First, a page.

Eating disorders (EDs) are complex disorders. However, the complexity increases when women are struggling with eating disorders while pregnant -- a time when the lives of two people are at stake: Mom and baby.
Maggie Baumann, MA: "Pregorexia" is the current fashionable phrase for this situation. The term, coined by the media, is not a diagnosed medical condition, but rather a clever descriptive name for a condition that can be life-threatening to both a pregnant mom and her unborn child.
I recently shared my own personal struggle with pregorexia last month on momlogic. Although my post drew a lot of interest from readers, it did not explain in detail what pregorexia is and how it affects both mother and unborn child.
I thought I would take this opportunity to clue you in on this disorder that can damage the lives of everyone involved ... mother, baby, and family.
What is Pregorexia?
Pregorexia refers to any woman who is engaging in ED behaviors while pregnant. These behaviors might include restriction of calories, overexercise, bingeing and purging, or abuse of laxatives or diet pills. Any of these unhealthy behaviors is used by the mom-to-be to control her weight gain and body size during pregnancy.
Most women who are in ED recovery or in an active phase of an ED struggle with fears related to pregnancy weight gain. Yet, pregnancy can be a time when an ED goes into remission because the mom feels she can let go of the behaviors in order to provide for the health of her baby.
However, in the case of someone who is experiencing pregorexia, the thoughts and behaviors of the ED are stronger than her will to properly care for herself and her baby. The pressure to be thin, even during pregnancy, can be overwhelming.
Dangers for Mom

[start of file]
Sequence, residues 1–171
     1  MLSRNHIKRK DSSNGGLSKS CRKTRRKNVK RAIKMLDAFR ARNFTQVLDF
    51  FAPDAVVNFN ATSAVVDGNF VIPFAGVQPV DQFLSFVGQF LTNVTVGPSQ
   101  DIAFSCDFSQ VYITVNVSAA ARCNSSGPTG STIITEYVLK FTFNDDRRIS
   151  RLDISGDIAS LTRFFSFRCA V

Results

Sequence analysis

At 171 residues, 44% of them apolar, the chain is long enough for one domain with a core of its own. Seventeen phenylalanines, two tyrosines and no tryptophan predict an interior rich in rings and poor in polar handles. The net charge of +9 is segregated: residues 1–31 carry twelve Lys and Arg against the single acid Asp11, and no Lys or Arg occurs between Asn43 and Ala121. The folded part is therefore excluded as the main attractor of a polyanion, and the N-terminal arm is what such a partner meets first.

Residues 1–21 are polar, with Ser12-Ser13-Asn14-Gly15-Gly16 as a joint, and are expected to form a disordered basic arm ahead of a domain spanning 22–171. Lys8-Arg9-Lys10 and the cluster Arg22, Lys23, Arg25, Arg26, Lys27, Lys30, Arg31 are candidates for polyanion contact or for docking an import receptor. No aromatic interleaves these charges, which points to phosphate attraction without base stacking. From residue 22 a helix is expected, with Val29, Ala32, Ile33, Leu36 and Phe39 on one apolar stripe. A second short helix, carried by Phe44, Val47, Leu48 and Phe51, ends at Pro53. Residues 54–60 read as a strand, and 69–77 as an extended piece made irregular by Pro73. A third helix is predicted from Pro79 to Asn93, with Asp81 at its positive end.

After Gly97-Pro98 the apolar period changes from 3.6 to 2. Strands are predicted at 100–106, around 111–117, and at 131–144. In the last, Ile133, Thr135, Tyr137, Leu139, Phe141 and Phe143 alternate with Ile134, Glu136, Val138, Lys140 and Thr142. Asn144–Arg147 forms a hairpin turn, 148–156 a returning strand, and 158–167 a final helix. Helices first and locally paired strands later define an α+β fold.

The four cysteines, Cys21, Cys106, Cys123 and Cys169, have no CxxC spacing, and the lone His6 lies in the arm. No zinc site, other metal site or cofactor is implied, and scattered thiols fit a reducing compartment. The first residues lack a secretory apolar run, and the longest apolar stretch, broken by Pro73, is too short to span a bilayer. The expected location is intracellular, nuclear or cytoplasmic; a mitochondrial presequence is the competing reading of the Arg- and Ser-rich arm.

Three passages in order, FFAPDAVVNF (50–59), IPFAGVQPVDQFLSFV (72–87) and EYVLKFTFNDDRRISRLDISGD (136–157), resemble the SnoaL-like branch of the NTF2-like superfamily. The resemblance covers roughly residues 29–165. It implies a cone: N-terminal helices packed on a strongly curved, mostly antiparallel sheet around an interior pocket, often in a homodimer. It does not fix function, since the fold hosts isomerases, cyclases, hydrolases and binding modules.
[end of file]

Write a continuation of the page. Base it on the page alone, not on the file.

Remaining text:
Pregorexia can cause a number of medical and psychological complications for a mother during pregnancy.
Risks to Mom Include:
• Poor nutrition
• Cardiac irregularities
• Premature births
• Labor complications, including increased risk of Caesarean delivery
• Difficulties with nursing
• Pregnancy and/or postpartum depression
Calorie restriction during pregnancy affects both the mother and baby. To insure the health of the fetus, the baby's nutritional needs are biologically primary, often at the expense of the mother. For example, if only a limited amount of calcium is ingested, it first goes to the growing baby and the mom may get little or none, putting her more at risk for development of osteoporosis.
Dangers for Baby
Experts suggest that pregnant women with eating disorders may put their children at greater risk for a number of serious conditions. Behaviors such as purging, restricting, and use of laxatives or diuretics on a regular basis can be harmful to a developing fetus and may lead to abnormalities. Studies report complications can affect both the baby before birth and the growing child years after birth.
Risks to Fetus and Infant Include:
• Intrauterine growth retardation (poor fetal growth)
• Low birth weight
• Premature birth
• Low APGAR scores
• Respiratory distress
• Feeding difficulties
• Neurological defects due to oxygen deprivation resulting from mom's excessive exercise
A number of factors can lead to the development of pregorexia, many of which are the same as those that underlie the development of an eating disorder during another time of life. These include: a history of trauma, neglect, excessive dieting, and poor coping skills. Genetics also play a factor, as does individual temperament, which includes traits such as perfectionism and anxiety.
Still, there are some specific contributors that occur for a woman during pregnancy: